Risk Factors for Phenoconversion in Rapid Eye Movement Sleep Behavior Disorder

Hui Zhang, Alex Iranzo, Birgit Högl, Isabelle Arnulf, Luigi Ferini-Strambi, Raffaele Manni, Tomoyuki Miyamoto, Wolfgang H. Oertel, Yves Dauvilliers, Yo EI Ju, Monica Puligheddu, Karel Sonka, Amélie Pelletier, Jacques Y. Montplaisir, Ambra Stefani, Abubaker Ibrahim, Birgit Frauscher, Smaranda Leu-Semenescu, Marco Zucconi, Michele TerzaghiMasayuki Miyamoto, Annette Janzen, Michela Figorilli, Maria L. Fantini, Ronald B. Postuma

Research output: Contribution to journalArticlepeer-review

17 Scopus citations


Objective: This study was undertaken to follow up predictive factors for α-synuclein–related neurodegenerative diseases in a multicenter cohort of idiopathic/isolated rapid eye movement sleep behavior disorder (iRBD). Methods: Patients with iRBD from 12 centers underwent a detailed assessment for potential environmental and lifestyle risk factors via a standardized questionnaire at baseline. Patients were then prospectively followed and received assessments for parkinsonism or dementia during follow-up. The cumulative incidence of parkinsonism or dementia was estimated with competing risk analysis. Cox regression analyses were used to evaluate the predictive value of environmental/lifestyle factors over a follow-up period of 11 years, adjusting for age, sex, and center. Results: Of 319 patients who were free of parkinsonism or dementia, 281 provided follow-up information. After a mean follow-up of 5.8 years, 130 (46.3%) patients developed neurodegenerative disease. The overall phenoconversion rate was 24.2% after 3 years, 44.8% after 6 years, and 67.5% after 10 years. Patients with older age (adjusted hazard ratio [aHR] = 1.05) and nitrate derivative use (aHR = 2.18) were more likely to phenoconvert, whereas prior pesticide exposure (aHR = 0.21–0.64), rural living (aHR = 0.53), lipid-lowering medication use (aHR = 0.59), and respiratory medication use (aHR = 0.36) were associated with lower phenoconversion risk. Risk factors for those converting to primary dementia and parkinsonism were generally similar, with dementia-first converters having lower coffee intake and beta-blocker intake, and higher occurrence of family history of dementia. Interpretation: Our findings elucidate the predictive values of environmental factors and comorbid conditions in identifying RBD patients at higher risk of phenoconversion. ANN NEUROL 2022;91:404–416.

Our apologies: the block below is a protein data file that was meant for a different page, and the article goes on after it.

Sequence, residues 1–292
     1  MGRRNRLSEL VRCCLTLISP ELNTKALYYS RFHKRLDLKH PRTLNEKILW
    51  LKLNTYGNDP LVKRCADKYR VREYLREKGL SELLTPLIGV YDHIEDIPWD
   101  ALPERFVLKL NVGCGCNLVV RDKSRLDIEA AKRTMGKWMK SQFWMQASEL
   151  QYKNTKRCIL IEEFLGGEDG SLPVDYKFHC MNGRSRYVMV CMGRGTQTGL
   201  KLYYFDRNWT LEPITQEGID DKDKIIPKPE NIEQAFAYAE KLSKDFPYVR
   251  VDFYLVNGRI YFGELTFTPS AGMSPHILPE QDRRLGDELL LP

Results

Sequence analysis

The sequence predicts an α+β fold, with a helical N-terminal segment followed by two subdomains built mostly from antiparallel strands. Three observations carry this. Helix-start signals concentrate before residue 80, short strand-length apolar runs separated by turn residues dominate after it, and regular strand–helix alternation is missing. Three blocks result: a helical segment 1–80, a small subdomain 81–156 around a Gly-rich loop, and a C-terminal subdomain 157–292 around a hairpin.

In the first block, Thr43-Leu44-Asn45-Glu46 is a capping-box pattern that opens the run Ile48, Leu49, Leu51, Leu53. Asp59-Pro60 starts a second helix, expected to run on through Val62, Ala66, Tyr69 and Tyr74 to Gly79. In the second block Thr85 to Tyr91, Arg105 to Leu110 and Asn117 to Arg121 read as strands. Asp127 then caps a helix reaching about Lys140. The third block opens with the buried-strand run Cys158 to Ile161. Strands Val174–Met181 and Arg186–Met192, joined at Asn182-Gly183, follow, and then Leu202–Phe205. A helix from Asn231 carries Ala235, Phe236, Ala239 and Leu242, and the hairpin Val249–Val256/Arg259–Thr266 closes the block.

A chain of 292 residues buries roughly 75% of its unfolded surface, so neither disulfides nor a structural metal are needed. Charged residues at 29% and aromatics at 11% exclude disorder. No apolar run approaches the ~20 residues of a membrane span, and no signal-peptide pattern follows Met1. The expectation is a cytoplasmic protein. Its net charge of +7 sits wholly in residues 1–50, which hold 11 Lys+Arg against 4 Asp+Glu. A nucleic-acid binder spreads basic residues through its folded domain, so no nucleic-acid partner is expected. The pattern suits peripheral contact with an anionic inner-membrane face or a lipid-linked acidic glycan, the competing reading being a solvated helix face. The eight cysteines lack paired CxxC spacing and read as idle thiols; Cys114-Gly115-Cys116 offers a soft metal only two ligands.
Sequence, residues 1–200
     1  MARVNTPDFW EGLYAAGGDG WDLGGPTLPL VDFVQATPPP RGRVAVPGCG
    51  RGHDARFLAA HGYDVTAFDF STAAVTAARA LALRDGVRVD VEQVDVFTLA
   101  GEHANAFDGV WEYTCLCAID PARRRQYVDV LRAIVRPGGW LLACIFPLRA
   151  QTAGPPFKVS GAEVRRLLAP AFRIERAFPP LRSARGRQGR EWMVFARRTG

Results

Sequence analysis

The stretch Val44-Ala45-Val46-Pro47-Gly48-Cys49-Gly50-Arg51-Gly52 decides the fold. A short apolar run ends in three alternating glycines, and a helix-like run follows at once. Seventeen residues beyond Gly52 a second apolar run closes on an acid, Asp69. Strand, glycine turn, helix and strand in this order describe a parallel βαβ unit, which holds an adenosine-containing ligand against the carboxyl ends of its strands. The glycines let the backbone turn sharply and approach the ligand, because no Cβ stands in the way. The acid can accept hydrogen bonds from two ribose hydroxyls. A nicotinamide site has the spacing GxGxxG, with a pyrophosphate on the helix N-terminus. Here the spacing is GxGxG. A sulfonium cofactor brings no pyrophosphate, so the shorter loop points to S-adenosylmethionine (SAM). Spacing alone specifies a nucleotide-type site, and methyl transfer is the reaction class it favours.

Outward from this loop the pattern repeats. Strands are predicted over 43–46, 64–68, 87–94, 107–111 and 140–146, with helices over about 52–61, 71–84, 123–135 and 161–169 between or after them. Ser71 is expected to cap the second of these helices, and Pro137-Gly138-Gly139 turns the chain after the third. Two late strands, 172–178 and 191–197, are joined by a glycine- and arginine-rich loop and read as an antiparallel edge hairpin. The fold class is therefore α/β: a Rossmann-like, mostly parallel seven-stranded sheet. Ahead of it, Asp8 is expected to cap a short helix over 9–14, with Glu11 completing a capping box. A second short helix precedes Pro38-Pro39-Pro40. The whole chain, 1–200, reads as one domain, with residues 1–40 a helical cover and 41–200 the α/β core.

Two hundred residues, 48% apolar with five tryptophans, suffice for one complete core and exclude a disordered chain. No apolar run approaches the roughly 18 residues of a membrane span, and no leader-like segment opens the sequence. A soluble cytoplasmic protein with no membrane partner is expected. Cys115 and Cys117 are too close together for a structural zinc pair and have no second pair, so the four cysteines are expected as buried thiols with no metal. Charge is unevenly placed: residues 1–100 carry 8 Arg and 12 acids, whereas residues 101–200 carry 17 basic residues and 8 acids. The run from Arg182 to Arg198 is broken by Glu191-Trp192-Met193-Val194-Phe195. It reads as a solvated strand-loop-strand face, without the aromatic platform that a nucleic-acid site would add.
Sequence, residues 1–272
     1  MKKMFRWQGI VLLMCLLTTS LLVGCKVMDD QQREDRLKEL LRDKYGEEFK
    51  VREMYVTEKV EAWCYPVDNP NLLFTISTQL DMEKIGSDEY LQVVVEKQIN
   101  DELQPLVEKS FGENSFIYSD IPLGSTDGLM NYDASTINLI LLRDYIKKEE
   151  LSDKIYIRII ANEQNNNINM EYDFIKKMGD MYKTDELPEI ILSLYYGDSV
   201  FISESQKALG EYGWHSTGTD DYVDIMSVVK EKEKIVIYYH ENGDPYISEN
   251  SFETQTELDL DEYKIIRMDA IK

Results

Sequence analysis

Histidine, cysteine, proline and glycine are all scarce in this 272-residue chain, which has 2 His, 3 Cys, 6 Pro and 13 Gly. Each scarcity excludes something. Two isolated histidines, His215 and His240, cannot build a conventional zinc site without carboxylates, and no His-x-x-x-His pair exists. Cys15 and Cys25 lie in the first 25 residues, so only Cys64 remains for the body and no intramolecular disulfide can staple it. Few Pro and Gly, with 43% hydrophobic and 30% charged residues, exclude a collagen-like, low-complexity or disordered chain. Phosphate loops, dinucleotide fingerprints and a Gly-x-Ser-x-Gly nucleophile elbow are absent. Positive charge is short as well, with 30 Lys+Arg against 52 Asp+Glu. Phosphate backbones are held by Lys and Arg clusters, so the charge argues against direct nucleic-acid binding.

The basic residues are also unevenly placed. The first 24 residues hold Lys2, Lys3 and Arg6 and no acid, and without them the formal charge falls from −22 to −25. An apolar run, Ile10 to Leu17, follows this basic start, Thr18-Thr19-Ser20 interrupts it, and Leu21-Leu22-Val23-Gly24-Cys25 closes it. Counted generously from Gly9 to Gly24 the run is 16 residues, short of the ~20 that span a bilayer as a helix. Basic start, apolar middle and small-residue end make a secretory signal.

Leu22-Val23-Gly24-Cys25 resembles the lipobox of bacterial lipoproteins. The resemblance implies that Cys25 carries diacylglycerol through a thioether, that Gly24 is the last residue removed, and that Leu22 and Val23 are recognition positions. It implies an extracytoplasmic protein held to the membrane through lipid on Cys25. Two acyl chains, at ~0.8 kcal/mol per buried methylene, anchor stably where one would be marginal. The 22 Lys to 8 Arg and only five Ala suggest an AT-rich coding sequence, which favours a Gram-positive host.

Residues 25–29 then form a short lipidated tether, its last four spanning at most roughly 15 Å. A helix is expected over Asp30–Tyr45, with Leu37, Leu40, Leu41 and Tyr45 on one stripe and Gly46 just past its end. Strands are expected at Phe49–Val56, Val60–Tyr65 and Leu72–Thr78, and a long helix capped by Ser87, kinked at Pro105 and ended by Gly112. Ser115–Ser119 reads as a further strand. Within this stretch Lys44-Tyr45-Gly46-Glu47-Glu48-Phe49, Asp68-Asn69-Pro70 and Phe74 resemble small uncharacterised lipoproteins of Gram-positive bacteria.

Original languageEnglish
Pages (from-to)404-416
Number of pages13
JournalAnnals of neurology
Issue number3
StatePublished - Mar 2022


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